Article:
Thursday 17th May 2012
Good morning. The volatility continues in the currency markets, with the EU debt crisis and Greece’s problems continuing to drive exchange rates. Earlier in the week we hit new highs of €1.2580 against the Euro, however as is often the case, the gains were short lived. Sterling has now started to weaken following grim growth forecasts by the Bank of England. So in today’s posts we’ll look in detail at:
- The EU debt crisis situation; what will happen next?
- What would happen if Greece leaves the Euro?
- Forecasts for Pound/Euro going up in 2012
- Forecasts for Pound/Euro going down in 2012
I’ll then analyse the UK’s economic prospects and look at the arguments for where Sterling/Euro rates could move throughout the remainder of 2012. Let’s start with the obvious – the situation in Greece….
Greek worries weaken the Euro pushing GBP/EUR rates higher.
The failure of Greece to form a government has plunged its membership of the Euro into doubt this week, and is the reason the Euro has weakened so much. Indeed earlier in the week we saw rates get very close to €1.26.
It now looks like Greece will hold fresh elections in June after final talks to form a coalition failed on Tuesday, and this raised new concerns over Greece’s continued membership of the Euro. The uncertainty pushed the GBP/EUR rates up at the start of the week, peaking at a new 3.5 year high of €1.2577.
EU officials fear Greece will elect an anti-bailout government, which could trigger a Greek exit from the euro. That possibility is now discussed openly among Europe’s leaders
So what would happen if Greece leaves the Euro?
For a few years now, everyone has been asking what would happen if Greece left the euro and reverted to the Drachma. It’s not something that would happen overnight, however it is looking increasingly likely. The more uncertainty we see in the euro zone, the more the euro could weaken.
While the question of Greece leaving is real one, the fact remains that there is no mechanism to do so. The possibility was never envisaged when it was created in 1999; to exit the euro it would have to leave the EU. There would probably be an interim period after which any Euros would be converted to Drachma at a pre-agreed rate, much like when countries switch to the Euro. Supply and demand would then dictate the new currencies value. The likely result is the new currency would fall through the floor and inflation would spiral.
So the best case scenario of Greece leaving would leave Greece with no buying power and high inflation. However, with its currency so weak the idea is that the economy would then grow.
Of course at the moment all of this is speculation, and given there is no mechanism for them to leave, even if they decided to do so tomorrow it would take many months before any potential return to another currency would be implemented. So let’s first look at the UK economy and where Sterling could move, and then at the more immediate effects we may see on exchange rates.
Sterling weakens on Bank of England forecasts
Yesterday Mervyn King, governor of the Bank of England said it has cut its growth forecast for this year to 0.8% from 1.2%, saying the Eurozone “storm” is still the main threat to UK recovery. The news shifted focus back towards the UK, and the Pound dropped across the board, bringing rates back down from their recent highs. Indeed I have warned in recent days that the UK is not immune to the EU’s problems, and the markets are now pricing this into the Pounds value.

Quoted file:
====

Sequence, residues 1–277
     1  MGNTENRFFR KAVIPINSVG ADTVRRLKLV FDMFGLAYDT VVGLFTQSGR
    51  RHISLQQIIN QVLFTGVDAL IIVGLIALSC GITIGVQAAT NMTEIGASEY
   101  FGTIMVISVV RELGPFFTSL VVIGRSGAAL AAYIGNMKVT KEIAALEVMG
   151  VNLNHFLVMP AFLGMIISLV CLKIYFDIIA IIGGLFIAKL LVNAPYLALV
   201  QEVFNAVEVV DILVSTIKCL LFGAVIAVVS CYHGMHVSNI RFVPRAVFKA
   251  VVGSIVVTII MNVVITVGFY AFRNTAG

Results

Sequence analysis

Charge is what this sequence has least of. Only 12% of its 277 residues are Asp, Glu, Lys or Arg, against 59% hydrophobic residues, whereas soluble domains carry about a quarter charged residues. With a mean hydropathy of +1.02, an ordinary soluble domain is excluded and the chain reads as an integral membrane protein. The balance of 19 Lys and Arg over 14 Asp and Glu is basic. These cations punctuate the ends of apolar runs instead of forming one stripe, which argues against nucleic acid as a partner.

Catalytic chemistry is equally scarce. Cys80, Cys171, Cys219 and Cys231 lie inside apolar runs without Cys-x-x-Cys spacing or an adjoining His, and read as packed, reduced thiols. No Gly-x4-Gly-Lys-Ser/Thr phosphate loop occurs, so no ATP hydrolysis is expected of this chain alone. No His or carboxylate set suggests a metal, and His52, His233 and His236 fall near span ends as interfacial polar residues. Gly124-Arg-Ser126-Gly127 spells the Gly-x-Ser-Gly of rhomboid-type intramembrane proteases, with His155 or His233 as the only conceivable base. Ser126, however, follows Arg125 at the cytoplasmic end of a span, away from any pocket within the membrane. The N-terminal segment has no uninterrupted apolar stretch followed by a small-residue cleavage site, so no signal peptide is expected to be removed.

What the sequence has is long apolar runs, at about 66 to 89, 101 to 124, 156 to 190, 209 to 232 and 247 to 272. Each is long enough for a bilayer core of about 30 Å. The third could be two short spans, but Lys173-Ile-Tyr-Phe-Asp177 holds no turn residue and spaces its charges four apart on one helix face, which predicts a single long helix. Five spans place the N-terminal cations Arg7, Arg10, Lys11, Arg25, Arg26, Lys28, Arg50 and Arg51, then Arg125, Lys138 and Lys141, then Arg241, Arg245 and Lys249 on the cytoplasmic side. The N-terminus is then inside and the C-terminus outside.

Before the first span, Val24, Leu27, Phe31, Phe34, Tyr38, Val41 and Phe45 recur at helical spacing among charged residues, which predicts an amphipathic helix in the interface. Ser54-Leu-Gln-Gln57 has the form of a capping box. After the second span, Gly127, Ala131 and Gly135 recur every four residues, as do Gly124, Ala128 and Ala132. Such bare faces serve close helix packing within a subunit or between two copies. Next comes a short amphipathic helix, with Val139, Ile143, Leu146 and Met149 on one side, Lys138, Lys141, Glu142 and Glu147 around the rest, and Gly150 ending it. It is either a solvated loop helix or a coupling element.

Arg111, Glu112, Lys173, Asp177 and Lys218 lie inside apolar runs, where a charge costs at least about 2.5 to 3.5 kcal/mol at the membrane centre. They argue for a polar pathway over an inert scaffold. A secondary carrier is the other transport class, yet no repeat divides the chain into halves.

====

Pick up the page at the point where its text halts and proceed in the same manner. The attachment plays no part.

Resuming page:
The Eurozone was “tearing itself apart” and the UK would not be “unscathed”, said Bank governor Sir Mervyn King. He told a news conference that the euro area posed the greatest threat to the UK recovery, and there was a “risk of a storm heading our way from the continent”.
“We have been through a big global financial crisis, the biggest downturn in world output since the 1930s, the biggest banking crisis in this country’s history, the biggest fiscal deficit in our peacetime history, and our biggest trading partner, the euro area, is tearing itself apart without any obvious solution.
On quantitative easing, he said that no decisions had been made whether or not to continue pumping money into the economy. The last stimulus programme was still “working its way through the system.
So will Pound/Euro rates go up or down this year? 2012 forecast
This is what everybody wants to know, but what nobody can predict! Indeed forecasts are differing between some big players. Deutsche Bank have revised their forecasts to rates dropping to €1.16 by the end of the year, citing the fact that the UK economy will be affected byt he EU problems, and further QE is likely which will weaken the Pound. Deutsche Bank trade more currency than anyone else in the world so you should certainly take notice if you need to buy Euros.
In stark contrast however, Barclay’s Capital are forecasting €1.30 by year end due to the EU’s debt crisis. This really shows how uncertain things are going to be this year, but also highlights the huge difference that these levels would make to you if you need to make a large transfer.
Taking the Euro on its own, I would say that it will likely weaken more which should make it cheaper to buy, but what is hard to factor is the effect it will have on Sterling. Half our exports go to the EU so that could push the Pound down, and it wouldn’t surprise me to see Mervyn talk the Pound down some more to help the export led recovery, as he’s not keen on a strong Pound.
So there are logical arguments that point to both rates continuing to rise, and also for rates to drop back below the €1.20 level, and this really illustrates the uncertainty over which way rates will go.
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